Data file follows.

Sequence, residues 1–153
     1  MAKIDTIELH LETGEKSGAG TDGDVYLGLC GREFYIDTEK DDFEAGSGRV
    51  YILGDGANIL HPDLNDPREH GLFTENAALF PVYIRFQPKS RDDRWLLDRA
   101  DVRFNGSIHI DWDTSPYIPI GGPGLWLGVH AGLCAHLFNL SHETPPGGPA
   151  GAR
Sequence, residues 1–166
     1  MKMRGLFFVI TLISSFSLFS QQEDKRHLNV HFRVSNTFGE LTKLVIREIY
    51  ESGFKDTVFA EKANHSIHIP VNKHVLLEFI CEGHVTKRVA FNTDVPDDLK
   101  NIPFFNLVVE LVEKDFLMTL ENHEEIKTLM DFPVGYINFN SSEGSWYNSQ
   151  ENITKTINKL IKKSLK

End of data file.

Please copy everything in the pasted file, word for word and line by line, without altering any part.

Sequence, residues 1–153
     1  MAKIDTIELH LETGEKSGAG TDGDVYLGLC GREFYIDTEK DDFEAGSGRV
    51  YILGDGANIL HPDLNDPREH GLFTENAALF PVYIRFQPKS RDDRWLLDRA
   101  DVRFNGSIHI DWDTSPYIPI GGPGLWLGVH AGLCAHLFNL SHETPPGGPA
   151  GAR
Sequence, residues 1–166
     1  MKMRGLFFVI TLISSFSLFS QQEDKRHLNV HFRVSNTFGE LTKLVIREIY
    51  ESGFKDTVFA EKANHSIHIP VNKHVLLEFI CEGHVTKRVA FNTDVPDDLK
   101  NIPFFNLVVE LVEKDFLMTL ENHEEIKTLM DFPVGYINFN SSEGSWYNSQ
   151  ENITKTINKL IKKSLK